this description of the Dragon Go! iPhone app:
& Aliens showtimes” – Dragon Go! delivers you directly to
Fandango featuring movie trailers, showtimes and ticket purchasing for
your local theaters. The Dragon CarouselTM also enables you to see what
people are saying about the movie on Twitter and flick over to Wikipedia
to learn more about the graphic novel the movie is based on."
David Warlick labels this a learning-literacy playground. Libraries and schools, he suggests, need to take note - and then change the way they do business.
love the metaphor of self-directed internet use as play. But think
about the promo above. Think about your last visit to a children's
playground. The erratic, flicking nature of the play experience is the
same in both instances. Like Katniss
Everdeen, the learner/child is driven by a pattern of respond-and-move on, and on, and on. Engaging, yes, but eventually exhausting. Where is the learning here? Recesses are not learning time for a reason.
That said, I agree that social learning is in the playground domain and not to be dismissed by educators. The value of the social media playground and the necessity for young people to learn how to negotiate this playground safely and wisely is not to be questioned. Mobile devices - any computer - engage students in this type of play.
But the digital playground as a learning experience is a Myth. A qualified myth. Play can result in academic learning. It can result in learning how to solve complex problems and how to independently apply guesses to solutions. But that is not what digital playground means.
In fact, David
Warlick misspeaks himself when he uses the term playground. What he
alludes to is a paradigm shift away from place-based and fixed-object-based learning and into
digital spaces where learning elements and their interconnections are
multitudinous, constantly changing, constantly updating, unprescribed,
unbounded, and - because of this - deep with question-making and problem-solving.
It's not play - it's hard work that happens in a digital workroom. With work comes learning.
This is the promise of the digital world for education.
problem is that human beings, including digital natives, are
place-based and fixed-object based. We like
straight-forward prescriptions, boundaries, predictability, tried-and-true. Educational use of digital tools has adapted to these needs. In this digital age,
answers quickly become viral (tweeted follow-the-leader). Questions are quickly
forgotten, if they are even asked. Five good activities build a playground; five hits end a search.
For the most part, therefore,
teachers and students - learners all - do not take advantage of the
opportunities available to them to access the multiplicity of threads that
inspire creative questioning and deep learning - digital or otherwise. They impose upon themselves - upon their students - limits that make the learning trajectory shorter and, unfortunately, more linear.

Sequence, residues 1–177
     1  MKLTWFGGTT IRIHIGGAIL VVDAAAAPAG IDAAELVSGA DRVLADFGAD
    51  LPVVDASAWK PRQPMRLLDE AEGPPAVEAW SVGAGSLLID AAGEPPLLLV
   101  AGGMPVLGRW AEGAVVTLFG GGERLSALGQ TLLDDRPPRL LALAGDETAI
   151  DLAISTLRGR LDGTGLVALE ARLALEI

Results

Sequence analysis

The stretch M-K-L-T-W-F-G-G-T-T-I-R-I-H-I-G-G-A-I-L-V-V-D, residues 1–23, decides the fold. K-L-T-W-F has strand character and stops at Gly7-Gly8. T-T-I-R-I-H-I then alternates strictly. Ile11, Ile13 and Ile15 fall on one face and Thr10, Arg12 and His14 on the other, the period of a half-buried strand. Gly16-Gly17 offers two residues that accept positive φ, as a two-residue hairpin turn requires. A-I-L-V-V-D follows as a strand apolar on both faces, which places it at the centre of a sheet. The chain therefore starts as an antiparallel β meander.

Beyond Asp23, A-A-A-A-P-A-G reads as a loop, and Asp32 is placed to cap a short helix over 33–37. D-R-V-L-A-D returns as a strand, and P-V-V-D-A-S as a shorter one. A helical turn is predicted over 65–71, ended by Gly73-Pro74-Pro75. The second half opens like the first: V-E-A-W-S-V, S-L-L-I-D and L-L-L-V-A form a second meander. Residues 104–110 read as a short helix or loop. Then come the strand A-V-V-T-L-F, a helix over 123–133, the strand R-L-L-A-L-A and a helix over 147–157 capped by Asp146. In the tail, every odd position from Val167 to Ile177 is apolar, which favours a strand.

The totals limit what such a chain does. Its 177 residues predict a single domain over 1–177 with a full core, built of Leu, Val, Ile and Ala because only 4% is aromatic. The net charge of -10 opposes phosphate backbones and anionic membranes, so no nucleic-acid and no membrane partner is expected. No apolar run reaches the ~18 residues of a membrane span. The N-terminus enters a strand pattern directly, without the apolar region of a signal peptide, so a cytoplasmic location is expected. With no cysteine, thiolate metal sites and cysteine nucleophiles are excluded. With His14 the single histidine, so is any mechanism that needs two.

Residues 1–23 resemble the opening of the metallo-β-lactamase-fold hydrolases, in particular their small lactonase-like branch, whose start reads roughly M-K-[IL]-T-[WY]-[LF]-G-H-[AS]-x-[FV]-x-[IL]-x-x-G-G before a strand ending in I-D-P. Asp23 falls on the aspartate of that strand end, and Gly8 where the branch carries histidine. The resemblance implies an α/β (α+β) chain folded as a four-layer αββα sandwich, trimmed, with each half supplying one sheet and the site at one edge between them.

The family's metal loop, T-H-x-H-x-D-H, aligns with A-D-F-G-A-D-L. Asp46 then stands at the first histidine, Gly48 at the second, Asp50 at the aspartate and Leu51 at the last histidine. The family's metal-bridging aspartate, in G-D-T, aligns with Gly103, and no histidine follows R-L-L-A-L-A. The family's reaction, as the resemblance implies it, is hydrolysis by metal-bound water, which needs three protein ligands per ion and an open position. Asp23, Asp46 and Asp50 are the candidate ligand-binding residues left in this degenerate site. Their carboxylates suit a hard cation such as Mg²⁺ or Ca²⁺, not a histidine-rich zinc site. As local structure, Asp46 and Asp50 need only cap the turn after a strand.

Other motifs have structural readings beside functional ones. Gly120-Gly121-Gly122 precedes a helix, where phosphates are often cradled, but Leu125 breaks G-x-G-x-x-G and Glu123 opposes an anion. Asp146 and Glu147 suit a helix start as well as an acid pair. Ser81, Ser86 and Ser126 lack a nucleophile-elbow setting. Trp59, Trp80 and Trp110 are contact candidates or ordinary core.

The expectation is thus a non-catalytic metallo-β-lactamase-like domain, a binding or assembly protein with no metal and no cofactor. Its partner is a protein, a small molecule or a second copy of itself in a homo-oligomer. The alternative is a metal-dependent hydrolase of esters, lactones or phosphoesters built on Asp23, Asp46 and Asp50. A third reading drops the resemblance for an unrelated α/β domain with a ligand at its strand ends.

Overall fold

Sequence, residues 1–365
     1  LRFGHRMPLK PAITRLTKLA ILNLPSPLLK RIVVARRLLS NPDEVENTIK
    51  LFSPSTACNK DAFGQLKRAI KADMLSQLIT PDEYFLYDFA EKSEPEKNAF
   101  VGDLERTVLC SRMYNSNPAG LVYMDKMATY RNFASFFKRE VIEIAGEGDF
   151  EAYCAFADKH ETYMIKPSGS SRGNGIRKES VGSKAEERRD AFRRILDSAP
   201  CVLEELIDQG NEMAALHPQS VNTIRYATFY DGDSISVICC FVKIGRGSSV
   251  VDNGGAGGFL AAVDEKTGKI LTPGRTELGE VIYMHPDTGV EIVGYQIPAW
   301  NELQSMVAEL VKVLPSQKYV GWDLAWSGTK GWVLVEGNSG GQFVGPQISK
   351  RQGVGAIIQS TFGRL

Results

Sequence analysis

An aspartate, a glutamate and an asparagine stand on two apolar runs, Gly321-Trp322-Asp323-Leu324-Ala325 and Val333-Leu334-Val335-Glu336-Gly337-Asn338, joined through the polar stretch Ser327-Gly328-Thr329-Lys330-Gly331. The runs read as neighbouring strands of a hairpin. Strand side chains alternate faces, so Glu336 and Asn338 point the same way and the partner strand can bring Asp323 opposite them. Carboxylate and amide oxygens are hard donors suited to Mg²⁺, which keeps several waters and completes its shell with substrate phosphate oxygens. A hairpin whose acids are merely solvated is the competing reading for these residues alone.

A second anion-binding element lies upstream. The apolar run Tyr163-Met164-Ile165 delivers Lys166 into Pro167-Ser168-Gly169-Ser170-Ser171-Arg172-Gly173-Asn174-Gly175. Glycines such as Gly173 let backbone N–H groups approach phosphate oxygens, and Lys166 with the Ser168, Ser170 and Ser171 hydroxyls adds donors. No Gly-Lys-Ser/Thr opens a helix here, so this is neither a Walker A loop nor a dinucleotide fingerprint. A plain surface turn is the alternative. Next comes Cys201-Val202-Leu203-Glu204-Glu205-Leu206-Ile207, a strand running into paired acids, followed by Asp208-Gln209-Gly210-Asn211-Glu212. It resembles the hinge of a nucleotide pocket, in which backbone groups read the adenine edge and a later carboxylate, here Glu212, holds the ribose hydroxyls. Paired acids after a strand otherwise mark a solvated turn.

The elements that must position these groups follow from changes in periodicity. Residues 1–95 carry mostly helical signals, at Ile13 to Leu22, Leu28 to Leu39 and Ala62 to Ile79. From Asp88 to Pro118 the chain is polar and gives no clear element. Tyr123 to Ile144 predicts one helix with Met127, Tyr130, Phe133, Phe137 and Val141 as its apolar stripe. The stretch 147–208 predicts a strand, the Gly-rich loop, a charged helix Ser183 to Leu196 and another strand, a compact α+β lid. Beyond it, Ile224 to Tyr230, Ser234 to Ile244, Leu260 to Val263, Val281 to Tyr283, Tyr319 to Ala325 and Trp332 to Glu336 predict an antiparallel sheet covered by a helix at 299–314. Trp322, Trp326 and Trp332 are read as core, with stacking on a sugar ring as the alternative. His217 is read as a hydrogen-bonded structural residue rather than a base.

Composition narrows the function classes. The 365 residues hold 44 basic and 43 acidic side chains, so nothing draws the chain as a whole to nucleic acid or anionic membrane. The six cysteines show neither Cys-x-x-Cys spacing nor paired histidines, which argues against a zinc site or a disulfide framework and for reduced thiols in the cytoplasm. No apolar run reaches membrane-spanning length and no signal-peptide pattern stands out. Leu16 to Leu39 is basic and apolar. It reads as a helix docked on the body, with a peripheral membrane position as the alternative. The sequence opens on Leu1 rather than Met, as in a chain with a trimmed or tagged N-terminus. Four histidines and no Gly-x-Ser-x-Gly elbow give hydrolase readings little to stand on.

not a new phenomenon. Socrates warned about the stagnation of creative
thinking when facts and thoughts were committed to books (read one source). The internet as it is used in most k-12 classrooms is simply a new form of the book. This approach is easy. It is also the traditional model of learning and teaching. Moreover, digital tools are remarkably like workbooks, and about as interactive if you look critically (Myth #4).
The reality of the
digital world is that good answers can be found easily (no matter what
the librarians advise), but good questions are hard work. These take iteration of
thought, pattern-seeking, cross-checking, evaluating, consulting
(asking, listening, replying) and a lot of literate access to texts of
various kinds (images, video, fiction, information, charts, tweets,
opinion, games, news...).
Who has time for that? Not most teachers. Not today's students.
There is time - lots of it. But it is already crowded with the
questions for which prescribed answers need to be found. It is already crowded with seat-time, even in the m-classroom.
The new and truly digital workroom is full of possibilities, of virtual
threads forming a play space for learning. But will our students do anything with this in terms of
learning? Or will they do what most are doing today - just play? I personally don't fault kids - or study hall monitors - for digital play, but turning a desire for pleasure into a desire to learn because it is pleasurable should be the focus of today's schools.
One of the most innovative dream-to-reality educators I know of, Nick Stoneman at Shattuck-St. Mary's in Minnesota, has it right. He is building physical spaces where his students can play - create, dream, explore, build, move, share, collaborate. There are top-of-the-line digital tools, but also top-of-the-line physical tools. And above all there is time to access the boundless worlds - external and internal - that are the playgrounds of the mind. Learning time will be created out of "seat time" by using a blended learning model, one that maximizes the impact and importance of face-to-face time while placing the work of learning play in the hands of the students. It is a model that will work.
The digital classroom needs to not be a classroom at all - then it can truly become a learning playground. This is really David Warlick's message. But the availability of iPads and other digital tools alone will not guarantee this. It will first take a renewed commitment on the part of educators that learning must be, to paraphrase Seymour Pappert years ago, hard fun.